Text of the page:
November 27   2015, Friday
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Dr KK AggarwalDr KK Aggarwal Physician leaders call for health to be protected in climate change agreement

A sustainable global agreement on climate change with a strong emphasis on the protection and improvement of health has been called for by the World Medical Association on the eve of the climate change summit in Paris. WMA leaders, headed by Past President Dr. Xavier Deau, will be attending next week's summit to press for a clear recognition in the final agreement of the threat to health from the world’s rising temperatures. Dr. Deau said: ‘For too long the alarming impact of climate change on health has been ignored by the world’s leaders despite repeated warnings from physicians across the globe. Yet we know that our patients' health is already being harmed by changes to the climate. ‘We know, for instance, that extreme weather events such as droughts and floods will lead to deaths and increased illnesses, changing the patterns of infectious diseases such as dengue and malaria. Warnings have also been given about increasing water shortages and water-borne diseases, and in a world where health inequality is profound, these changes will only make matters worse. It is vital for a comprehensive agreement to include a fair mechanism to address climate change loss and damage in all its forms around the world including through the appropriate valuation of health. 'The Paris agreement must take into account the social determinants of health, as climate change threatens many of them, from clean air, food and water security, to safe shelter and secure livelihoods. It must also include provision for fostering the transition to clean and renewable energy.’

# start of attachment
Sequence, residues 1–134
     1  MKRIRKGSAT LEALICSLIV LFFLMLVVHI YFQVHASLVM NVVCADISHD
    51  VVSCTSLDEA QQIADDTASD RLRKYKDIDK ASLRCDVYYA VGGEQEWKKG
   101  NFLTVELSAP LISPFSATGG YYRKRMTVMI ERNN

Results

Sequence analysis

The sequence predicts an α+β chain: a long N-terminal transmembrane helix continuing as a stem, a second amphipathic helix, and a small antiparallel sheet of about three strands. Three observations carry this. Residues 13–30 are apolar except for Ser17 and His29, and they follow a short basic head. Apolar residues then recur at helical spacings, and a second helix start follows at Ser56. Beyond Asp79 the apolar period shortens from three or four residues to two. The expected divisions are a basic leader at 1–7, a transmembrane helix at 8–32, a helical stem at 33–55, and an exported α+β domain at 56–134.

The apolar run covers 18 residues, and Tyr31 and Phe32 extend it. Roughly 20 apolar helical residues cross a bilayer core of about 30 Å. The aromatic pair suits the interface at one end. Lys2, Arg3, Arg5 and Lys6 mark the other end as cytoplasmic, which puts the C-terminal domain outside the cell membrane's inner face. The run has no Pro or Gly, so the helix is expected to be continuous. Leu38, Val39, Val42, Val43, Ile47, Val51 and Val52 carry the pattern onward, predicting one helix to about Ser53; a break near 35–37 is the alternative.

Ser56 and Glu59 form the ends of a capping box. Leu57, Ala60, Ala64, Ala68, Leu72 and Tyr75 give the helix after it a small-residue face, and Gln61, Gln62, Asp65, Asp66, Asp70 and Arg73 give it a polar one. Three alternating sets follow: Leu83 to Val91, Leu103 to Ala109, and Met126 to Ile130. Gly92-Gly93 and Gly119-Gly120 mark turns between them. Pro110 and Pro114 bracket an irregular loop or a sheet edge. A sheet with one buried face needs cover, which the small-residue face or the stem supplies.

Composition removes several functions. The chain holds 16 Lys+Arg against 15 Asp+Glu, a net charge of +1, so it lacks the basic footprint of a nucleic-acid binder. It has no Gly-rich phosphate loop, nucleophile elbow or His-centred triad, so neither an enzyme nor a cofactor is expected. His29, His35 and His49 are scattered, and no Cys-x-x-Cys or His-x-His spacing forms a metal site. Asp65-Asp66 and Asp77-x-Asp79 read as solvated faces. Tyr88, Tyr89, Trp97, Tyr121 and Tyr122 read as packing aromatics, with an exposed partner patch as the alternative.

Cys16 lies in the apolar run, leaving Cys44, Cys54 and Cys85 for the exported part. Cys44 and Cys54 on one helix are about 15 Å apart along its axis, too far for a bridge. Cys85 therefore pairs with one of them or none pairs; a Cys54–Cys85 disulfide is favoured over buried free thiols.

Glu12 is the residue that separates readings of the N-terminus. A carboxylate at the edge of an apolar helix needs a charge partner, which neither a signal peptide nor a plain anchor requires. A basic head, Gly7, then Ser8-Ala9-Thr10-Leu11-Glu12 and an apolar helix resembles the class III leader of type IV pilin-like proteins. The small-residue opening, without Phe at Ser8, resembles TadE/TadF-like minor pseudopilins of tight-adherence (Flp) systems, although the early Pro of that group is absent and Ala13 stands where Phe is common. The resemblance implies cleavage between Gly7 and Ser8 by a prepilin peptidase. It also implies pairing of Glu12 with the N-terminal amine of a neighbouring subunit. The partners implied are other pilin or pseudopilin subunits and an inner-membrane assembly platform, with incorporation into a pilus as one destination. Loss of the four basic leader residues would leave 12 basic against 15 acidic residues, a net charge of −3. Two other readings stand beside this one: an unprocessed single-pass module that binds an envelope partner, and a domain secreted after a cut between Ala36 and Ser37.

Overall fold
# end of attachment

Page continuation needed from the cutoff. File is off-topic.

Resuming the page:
Amit Sharma and Nilesh Aggarwal

We are extremely happy to have been part of IMA Satyagraha campaign and would like to congratulate the Indian doctor community as a whole. We are aiming to be a digital voice of all Indian doctors and will continue to work towards raising such important issues. Currently, we are in our Beta phase and we will soon be introducing features such as interesting cases, online CME's, conference updates etc. Please do register and read eMediNews, eIMANews as well as other engaging content on the website/app. You can also add other doctors to your network, find long lost alumni, chat and discuss cases, post questions for the medical fraternity, create your detailed medical resume and lots more.
Breaking News
Govt. identifies adverse drug reaction monitoring center